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ENERGETIC LIMITS TO GROWTH
by Jay Hanson – www.dieoff.com
Appeared in ENERGY Magazine, Spring, 1999
By definition, energy "sources" must generate more energy than they consume; otherwise, they are"sinks".
In 1972, the Club of Rome (COR) shocked the world with a study titled
The Limits To Growth
. Twomain conclusions were reached by this study. The first suggests that if economic-development-as-we-know-it continues, society will run out of nonrenewable resources before the year 2072 with the most probable result being “a rather sudden and uncontrollable decline in both population and industrialcapacity.”  The second conclusion of the study is that piecemeal approaches to solving individual problems will not be successful. For example, the COR authors arbitrarily double their estimates of the resource base and allow their model to project a new scenario based on this new higher level of resources. Collapse occurs in the new scenario because of pollution instead of resource depletion.The bottom line is traditional forms of economic development will end in less than 100 years – oneway or another. The COR study has been much belittled but proof of the COR's thesis can readily befound in the real-world concept of “net energy” and that is the focus of this article.
Net-energy analysis became a public controversy in 1974 when two stories made the news. In thefirst,
reported that Howard Odum had developed a “New Math for Figuring EnergyCosts.” Among other results, this new math indicated that stripper oil well operations were energysinks rather than energy sources. According to this analysis, these operations could be profitable onlywhen cheap, regulated oil was used to produce deregulated oil. The other net-energy story of 1974was the study of Chapman and Mortimer asserting that a rapidly growing nuclear program would leadto an increased use of oil rather than to the desired substitution (see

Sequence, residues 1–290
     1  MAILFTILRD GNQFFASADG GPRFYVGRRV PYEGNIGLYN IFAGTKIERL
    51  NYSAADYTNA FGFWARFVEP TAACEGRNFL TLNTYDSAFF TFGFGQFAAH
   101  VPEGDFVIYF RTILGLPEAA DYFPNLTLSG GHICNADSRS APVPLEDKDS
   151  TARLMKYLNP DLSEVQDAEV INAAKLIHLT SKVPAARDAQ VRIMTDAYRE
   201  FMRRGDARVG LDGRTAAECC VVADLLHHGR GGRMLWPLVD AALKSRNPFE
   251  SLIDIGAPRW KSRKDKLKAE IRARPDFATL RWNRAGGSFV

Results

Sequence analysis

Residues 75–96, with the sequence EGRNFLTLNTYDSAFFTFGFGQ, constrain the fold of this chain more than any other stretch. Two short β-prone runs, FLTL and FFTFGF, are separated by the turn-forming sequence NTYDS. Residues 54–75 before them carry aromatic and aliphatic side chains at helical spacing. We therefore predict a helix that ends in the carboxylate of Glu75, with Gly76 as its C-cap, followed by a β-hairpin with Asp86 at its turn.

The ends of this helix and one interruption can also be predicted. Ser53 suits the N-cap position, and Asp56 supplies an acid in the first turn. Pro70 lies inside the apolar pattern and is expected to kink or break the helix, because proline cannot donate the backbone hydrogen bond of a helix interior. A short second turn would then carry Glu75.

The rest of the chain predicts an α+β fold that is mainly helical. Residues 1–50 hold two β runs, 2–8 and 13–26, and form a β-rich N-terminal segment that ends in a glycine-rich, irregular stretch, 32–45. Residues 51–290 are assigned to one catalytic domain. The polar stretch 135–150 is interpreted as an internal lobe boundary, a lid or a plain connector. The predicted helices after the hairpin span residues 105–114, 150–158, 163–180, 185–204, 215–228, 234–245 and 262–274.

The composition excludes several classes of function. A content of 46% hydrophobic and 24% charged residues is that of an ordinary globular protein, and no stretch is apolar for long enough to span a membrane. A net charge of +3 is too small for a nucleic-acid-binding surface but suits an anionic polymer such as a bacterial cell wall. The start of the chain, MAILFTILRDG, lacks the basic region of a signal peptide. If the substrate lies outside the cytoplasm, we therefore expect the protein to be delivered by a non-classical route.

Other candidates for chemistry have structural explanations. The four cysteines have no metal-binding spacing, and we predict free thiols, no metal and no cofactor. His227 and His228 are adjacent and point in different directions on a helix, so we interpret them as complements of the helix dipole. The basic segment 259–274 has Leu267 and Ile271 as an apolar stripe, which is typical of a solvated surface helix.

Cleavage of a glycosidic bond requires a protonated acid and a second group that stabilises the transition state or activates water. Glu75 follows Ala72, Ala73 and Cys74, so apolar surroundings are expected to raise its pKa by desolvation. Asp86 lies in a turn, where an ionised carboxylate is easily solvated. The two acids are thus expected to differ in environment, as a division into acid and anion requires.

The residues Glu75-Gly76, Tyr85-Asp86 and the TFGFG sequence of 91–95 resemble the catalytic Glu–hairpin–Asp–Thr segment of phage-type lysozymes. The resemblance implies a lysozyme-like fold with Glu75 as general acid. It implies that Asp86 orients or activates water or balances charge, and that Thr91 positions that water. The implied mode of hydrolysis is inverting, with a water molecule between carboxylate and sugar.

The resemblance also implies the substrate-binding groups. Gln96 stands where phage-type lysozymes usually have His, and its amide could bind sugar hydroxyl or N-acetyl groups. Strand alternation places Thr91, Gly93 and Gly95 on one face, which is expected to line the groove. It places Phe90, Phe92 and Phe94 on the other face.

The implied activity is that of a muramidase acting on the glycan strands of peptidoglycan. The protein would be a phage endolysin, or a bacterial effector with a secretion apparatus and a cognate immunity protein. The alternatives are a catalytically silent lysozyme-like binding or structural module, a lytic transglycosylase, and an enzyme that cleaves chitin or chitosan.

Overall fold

by Daniel T.Spreng, Oak Ridge Assoc. Univ. & Praeger, 1988).As we know from physics, to accomplish a certain amount of work requires a minimum energy input.For example, lifting 15 kg of rock 5 meters out of the ground requires 735 joules of energy just toovercome gravity –
the higher the lift, the greater the minimum energy requirements.
Combustion engines that actually do work – so-called “heat engines” – also consume a great deal of energy.  The efficiency of heat engines is
by thermodynamic principles discovered over 150 years ago by N. L. S. Carnot.  Thus, a typical auto, bulldozer, truck, or power plant
wastesmore than 50 percent of the energy contained in its fuel.
One seldom thinks about the energy that is utilized in systems that supply energy – such as oil-fired power plants. But energy is also utilized when exploring for fuel, building the machinery to mine thefuel, mining the fuel, building and operating the power plants, building power lines to transmit theenergy, decommissioning the plants, and so on. The difference between the total energy input (i.e.,